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The Physical and Economic Factors That Contribute to Uncertainty over Future Oil Production

Updated on July 2, 2016
World oil production from 1965 to 2011, and three projections for future production.
World oil production from 1965 to 2011, and three projections for future production. | Source

Uncertainty arises partly from inaccurate estimates of current reserves; Saudi Arabia's reserves in particular are subject to significant dispute. Further uncertainty arises from environmentally protected sites, such as the Arctic, which is believed to hold over 13% of undiscovered oil. It is uncertain when economic needs and demands for oil will trump the environmental protection and lack of enthusiasm to resolve land claim disputes, hence the time at which peak oil will occur is uncertain.

We do not know when, or if, peak oil will occur globally; it has already passed in some countries, including the UK, but despite it being a finite resource, the growth of renewable energy sources, and a governmental desire to diversify energy sectors to improve security, could reduce demand enough for the rate of consumption to never surpass the rate at which new sources are discovered.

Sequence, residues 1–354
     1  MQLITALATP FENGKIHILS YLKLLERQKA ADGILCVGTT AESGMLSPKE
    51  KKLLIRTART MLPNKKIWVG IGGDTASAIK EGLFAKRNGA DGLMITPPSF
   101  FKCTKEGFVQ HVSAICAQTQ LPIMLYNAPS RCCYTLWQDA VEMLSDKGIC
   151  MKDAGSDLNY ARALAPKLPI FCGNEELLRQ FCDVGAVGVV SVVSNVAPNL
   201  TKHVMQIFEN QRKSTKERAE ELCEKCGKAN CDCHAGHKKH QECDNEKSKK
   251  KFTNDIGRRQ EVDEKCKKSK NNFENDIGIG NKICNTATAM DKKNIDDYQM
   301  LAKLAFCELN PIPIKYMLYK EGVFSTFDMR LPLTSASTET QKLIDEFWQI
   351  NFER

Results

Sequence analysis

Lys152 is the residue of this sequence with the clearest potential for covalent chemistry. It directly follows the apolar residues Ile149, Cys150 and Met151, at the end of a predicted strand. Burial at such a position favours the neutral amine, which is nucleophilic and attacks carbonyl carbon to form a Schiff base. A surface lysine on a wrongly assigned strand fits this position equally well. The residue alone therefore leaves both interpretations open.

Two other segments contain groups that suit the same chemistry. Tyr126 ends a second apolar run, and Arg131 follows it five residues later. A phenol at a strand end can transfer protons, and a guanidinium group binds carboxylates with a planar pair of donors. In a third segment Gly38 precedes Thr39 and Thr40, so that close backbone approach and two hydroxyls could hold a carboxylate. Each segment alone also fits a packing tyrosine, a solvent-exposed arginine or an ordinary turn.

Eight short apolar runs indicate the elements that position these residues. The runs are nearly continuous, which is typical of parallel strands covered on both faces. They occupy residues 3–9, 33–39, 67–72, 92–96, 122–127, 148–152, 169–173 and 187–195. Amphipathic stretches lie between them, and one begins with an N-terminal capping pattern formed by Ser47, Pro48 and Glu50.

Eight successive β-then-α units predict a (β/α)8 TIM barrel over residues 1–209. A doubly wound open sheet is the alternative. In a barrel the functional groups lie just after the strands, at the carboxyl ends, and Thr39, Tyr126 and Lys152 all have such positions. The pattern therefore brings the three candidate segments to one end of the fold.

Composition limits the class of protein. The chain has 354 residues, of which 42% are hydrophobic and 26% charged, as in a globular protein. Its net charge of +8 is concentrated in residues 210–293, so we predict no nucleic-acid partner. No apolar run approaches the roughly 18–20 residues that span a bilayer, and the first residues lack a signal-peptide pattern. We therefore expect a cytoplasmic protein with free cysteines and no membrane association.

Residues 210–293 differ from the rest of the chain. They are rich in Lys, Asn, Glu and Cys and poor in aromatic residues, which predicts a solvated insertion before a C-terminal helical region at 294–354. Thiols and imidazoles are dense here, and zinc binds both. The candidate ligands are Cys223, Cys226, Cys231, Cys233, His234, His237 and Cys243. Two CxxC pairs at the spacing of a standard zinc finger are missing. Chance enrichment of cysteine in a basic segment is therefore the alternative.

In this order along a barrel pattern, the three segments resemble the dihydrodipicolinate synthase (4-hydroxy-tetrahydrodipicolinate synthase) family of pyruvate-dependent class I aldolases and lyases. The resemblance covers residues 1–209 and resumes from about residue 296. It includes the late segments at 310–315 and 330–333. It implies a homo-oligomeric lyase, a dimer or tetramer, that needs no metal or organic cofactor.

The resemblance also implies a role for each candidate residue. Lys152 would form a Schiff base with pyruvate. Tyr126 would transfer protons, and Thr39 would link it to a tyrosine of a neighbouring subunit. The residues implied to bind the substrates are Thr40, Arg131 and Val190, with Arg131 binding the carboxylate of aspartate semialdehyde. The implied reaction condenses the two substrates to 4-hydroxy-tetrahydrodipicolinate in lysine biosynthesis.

The length of the delay until peak oil is also made uncertain by the possibility of new technologies creating new viable sources, as the USA has recently demonstrated with shale gas. In some cases, it is more to do with the price of oil; Canada's tar sands in Alberta are only viable when oil sells for more than around $70 per barrel, and so a growing demand would increase prices, and possibly reduce the delay before peak oil.

The converse situation appears to be true; whilst Canada is planning to expand its tar sands extraction, which already covers an area larger than Greece, other sources are unlikely to become viable in the near future, e.g. coal liquefaction, which requires very high oil prices, due to its high temperature and pressure process.

The rapidly rising population in countries such as India and Nigeria is likely to significantly increase demand, and therefore cause higher prices; high consumption rates could reduce the delay until peak oil.

Due to the number of variables, and the subjectivity of their intertwining effects, there is a large amount of uncertainty surrounding future oil production.


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    • BlossomSB profile image

      Bronwen Scott-Branagan 20 months ago from Victoria, Australia

      An interesting article and also a reminder that our resources are not unlimited; we really need to invest more in our unlimited natural power.

    • Larry Rankin profile image

      Larry Rankin 20 months ago from Oklahoma

      Interesting analysis.